Sorry if this is a bonehead question, but I'm having some trouble understanding how I might redirect the client browser back to whatever URL was originally requested after a successful authentication with our SAML identity provider (IdP). I'm using the latest versions of passport-saml, passport, and express.

For example, say the client originally requested /foo/bar from a link on another unprotected page, but since that is a protected resource, I respond with a redirect to /login, which is where I call passport.authenticate('saml').

app.get('/login', passport.authenticate('saml'));

function ensureAuth(req, res, next) {
    if (req.user.isAuthenticated()) {return next();}
    else {res.redirect('/login');}

app.get('/foo/bar', ensureAuth, function(req, res) {

That call will redirect the browser to my IdP's sign-on page, and after a successful authentication, the IdP POSTs back to my /login/callback route. In that route, I again use passport.authenticate(saml) to validate the response SAML, and if all is good, I then get to redirect the browser back to the requested resource...but how do I know what that requested resource was? Because it's a POST callback, I've lost any state associated with the original request.

app.post('/login/callback', passport.authenticate('saml'), function(req, res) {
    res.redirect('...can I know which url to redirect back to?...');

The example in the passport-saml readme just shows a hard-coded redirect back to the root resource, but I would want to redirect back to the originally-requested URL (/foo/bar).

Can I send a url, or some other value, to the IdP that will get round-tripped and POSTed back in the response SAML? And if so, how can I access it in my /login/callback route?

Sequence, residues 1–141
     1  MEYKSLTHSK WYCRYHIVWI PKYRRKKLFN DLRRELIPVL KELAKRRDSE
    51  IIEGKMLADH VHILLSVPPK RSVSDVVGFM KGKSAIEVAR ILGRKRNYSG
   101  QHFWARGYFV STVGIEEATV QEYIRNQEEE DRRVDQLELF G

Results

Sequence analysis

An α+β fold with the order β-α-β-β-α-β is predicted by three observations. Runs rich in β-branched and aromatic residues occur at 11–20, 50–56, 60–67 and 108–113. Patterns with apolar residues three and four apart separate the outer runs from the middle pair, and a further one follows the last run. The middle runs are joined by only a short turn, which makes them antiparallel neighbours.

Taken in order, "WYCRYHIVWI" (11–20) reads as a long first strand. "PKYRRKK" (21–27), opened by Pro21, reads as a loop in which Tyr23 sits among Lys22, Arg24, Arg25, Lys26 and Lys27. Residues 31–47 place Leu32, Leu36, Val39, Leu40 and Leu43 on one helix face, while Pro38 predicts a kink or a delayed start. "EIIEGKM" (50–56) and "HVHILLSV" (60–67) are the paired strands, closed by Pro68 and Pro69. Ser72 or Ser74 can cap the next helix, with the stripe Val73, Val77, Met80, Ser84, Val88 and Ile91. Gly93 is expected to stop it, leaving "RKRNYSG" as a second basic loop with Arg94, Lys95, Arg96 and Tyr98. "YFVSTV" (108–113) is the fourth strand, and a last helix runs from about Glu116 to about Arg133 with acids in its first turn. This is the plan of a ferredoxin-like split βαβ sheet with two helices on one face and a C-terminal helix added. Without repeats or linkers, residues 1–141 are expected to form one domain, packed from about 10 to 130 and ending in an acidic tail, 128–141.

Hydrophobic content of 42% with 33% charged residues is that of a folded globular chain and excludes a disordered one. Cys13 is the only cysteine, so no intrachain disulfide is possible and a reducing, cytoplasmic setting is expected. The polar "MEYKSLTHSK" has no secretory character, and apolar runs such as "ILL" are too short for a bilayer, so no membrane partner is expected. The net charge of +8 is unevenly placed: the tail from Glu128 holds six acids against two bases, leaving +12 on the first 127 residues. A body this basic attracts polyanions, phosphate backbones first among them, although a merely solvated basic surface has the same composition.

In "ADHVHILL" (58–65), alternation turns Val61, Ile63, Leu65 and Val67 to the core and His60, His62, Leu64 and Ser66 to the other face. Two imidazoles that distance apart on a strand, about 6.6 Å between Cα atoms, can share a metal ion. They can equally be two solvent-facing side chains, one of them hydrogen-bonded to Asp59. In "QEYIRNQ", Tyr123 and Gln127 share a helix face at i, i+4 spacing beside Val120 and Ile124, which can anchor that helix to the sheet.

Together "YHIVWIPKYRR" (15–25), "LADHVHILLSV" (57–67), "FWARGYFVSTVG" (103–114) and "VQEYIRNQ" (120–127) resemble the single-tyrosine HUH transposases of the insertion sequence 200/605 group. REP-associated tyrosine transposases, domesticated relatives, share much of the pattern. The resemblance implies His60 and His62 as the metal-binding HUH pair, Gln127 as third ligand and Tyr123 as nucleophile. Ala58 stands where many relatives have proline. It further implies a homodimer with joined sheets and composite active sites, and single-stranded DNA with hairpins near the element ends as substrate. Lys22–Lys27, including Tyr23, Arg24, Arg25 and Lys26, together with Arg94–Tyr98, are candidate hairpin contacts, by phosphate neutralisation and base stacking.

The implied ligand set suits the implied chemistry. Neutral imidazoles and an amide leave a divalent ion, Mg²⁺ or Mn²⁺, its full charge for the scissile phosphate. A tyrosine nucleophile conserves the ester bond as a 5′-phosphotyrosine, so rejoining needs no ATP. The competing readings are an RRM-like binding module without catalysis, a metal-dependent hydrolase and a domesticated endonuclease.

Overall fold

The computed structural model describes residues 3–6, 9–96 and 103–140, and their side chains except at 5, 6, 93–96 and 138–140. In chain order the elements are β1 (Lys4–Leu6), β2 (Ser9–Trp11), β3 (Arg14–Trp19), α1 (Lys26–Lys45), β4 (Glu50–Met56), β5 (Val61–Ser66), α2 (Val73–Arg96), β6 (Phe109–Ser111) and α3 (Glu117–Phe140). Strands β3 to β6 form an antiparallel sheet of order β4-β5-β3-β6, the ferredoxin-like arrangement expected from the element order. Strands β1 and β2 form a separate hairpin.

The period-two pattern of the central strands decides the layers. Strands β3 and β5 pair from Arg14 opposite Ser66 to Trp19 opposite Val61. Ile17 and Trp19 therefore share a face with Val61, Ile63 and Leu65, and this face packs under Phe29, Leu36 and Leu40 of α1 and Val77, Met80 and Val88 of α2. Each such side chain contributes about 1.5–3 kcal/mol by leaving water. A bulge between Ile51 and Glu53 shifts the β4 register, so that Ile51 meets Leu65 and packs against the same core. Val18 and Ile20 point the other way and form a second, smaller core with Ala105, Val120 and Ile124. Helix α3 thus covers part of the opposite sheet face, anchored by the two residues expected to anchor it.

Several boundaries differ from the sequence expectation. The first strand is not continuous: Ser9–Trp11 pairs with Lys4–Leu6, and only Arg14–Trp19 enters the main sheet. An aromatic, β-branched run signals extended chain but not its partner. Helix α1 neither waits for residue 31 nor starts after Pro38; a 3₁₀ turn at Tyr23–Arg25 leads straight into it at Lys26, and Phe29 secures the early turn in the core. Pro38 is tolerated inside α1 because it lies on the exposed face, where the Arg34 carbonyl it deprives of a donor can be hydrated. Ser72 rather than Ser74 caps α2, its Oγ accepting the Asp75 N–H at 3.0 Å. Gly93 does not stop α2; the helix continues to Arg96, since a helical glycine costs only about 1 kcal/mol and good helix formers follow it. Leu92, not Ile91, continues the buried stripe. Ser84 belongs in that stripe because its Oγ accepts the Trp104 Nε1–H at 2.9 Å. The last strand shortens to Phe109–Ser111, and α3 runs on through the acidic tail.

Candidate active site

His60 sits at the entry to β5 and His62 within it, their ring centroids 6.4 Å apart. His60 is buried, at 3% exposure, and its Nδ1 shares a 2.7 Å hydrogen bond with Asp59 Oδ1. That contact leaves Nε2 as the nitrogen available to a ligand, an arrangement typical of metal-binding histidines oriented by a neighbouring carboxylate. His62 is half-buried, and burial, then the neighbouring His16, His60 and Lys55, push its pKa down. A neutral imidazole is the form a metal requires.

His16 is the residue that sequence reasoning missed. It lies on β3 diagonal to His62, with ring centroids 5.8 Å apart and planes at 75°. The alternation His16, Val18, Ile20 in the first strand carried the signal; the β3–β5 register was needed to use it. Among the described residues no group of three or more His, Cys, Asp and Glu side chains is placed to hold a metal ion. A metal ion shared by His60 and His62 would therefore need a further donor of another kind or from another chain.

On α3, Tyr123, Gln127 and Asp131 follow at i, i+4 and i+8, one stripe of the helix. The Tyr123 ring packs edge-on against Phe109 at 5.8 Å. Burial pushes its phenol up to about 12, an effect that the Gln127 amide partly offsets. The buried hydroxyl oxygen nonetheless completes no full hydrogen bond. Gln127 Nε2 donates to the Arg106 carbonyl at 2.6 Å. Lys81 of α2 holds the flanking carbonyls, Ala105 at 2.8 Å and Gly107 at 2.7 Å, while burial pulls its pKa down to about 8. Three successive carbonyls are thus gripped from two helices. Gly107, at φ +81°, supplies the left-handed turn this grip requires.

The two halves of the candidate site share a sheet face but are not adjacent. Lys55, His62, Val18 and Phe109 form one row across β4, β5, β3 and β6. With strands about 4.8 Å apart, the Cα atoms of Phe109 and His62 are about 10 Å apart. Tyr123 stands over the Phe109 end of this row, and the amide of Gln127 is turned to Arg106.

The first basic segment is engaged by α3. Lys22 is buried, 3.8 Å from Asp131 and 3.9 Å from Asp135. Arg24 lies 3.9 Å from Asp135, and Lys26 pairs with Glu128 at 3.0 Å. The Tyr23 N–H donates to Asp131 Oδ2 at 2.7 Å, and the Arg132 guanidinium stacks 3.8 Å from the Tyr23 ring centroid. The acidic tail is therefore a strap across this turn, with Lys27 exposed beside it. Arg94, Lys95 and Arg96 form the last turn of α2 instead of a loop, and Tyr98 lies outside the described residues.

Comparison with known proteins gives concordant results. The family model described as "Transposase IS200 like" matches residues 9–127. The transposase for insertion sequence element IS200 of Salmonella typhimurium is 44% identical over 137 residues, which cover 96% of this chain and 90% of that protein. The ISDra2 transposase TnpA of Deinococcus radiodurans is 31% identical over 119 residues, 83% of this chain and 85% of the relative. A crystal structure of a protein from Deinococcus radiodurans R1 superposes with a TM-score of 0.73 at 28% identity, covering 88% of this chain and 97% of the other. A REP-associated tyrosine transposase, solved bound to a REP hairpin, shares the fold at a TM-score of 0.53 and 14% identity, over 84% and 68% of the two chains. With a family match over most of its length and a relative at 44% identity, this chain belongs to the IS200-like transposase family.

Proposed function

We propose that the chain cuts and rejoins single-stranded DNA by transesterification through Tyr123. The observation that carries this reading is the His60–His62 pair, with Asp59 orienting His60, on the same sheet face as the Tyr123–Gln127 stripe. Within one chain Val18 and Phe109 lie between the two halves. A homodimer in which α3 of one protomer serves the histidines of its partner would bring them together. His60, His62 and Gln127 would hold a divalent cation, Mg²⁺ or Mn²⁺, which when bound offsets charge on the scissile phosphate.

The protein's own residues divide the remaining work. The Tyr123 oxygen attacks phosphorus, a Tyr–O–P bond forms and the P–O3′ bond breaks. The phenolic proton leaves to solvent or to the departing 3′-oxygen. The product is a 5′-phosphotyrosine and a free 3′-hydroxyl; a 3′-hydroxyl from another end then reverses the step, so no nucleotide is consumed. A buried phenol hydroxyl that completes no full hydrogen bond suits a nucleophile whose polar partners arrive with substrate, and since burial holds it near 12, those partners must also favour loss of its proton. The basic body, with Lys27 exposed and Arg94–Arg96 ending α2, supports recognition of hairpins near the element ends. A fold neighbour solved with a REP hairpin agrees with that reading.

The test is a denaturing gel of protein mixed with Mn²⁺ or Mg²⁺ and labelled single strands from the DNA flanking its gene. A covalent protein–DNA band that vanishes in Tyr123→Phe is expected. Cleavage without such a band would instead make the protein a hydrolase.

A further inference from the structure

Or is there some better, express/passport way to do this that I'm missing?

Any help you can provide would be most appreciated!

  • store the original request url in a session cache expiring in 10 minutes. then retrieve it and destroy it on success redirecting the user in the process – r3wt Jul 6 '14 at 23:48
  • Ah, yes, that would work! Thanks for the idea. It would be much cleaner if I could send some state to the IdP and get it back again, however. I looked at the SAML 2.0 spec link and it looks like you can specify a different callback with each authentication request via the AssertionConsumerServiceURL element, but it does note that the "The responder MUST ensure by some means that the value specified is in fact associated with the requester" (49). Perhaps specifying different values each time doesn't really work in practice. – Dave Stearns Jul 7 '14 at 0:16
  • well, you need to verify the referrer url always. otherwise, you will have hackers abusing your scheme to redirect to malware. ie, they get an email posing as your domain, with a link to some site that redirects to your login page. when they login, they are redirected back to the referrer, stealing your users cookies. – r3wt Jul 7 '14 at 0:24